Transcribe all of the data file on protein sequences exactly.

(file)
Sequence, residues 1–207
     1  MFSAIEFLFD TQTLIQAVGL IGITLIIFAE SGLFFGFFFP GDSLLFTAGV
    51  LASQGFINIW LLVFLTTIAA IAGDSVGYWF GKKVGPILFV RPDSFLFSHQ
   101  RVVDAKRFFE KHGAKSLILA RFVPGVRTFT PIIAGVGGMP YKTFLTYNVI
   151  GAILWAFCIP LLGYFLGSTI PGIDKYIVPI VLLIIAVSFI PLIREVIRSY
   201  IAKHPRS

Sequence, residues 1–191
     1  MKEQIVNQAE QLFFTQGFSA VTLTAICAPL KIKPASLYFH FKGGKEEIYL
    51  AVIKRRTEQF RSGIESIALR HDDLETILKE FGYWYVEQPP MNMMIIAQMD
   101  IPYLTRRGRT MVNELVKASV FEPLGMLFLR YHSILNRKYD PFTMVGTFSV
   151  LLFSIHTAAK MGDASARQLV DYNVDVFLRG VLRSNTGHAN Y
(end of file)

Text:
Sequence, residues 1–207
     1  MFSAIEFLFD TQTLIQAVGL IGITLIIFAE SGLFFGFFFP GDSLLFTAGV
    51  LASQGFINIW LLVFLTTIAA IAGDSVGYWF GKKVGPILFV RPDSFLFSHQ
   101  RVVDAKRFFE KHGAKSLILA RFVPGVRTFT PIIAGVGGMP YKTFLTYNVI
   151  GAILWAFCIP LLGYFLGSTI PGIDKYIVPI VLLIIAVSFI PLIREVIRSY
   201  IAKHPRS

Sequence, residues 1–191
     1  MKEQIVNQAE QLFFTQGFSA VTLTAICAPL KIKPASLYFH FKGGKEEIYL
    51  AVIKRRTEQF RSGIESIALR HDDLETILKE FGYWYVEQPP MNMMIIAQMD
   101  IPYLTRRGRT MVNELVKASV FEPLGMLFLR YHSILNRKYD PFTMVGTFSV
   151  LLFSIHTAAK MGDASARQLV DYNVDVFLRG VLRSNTGHAN Y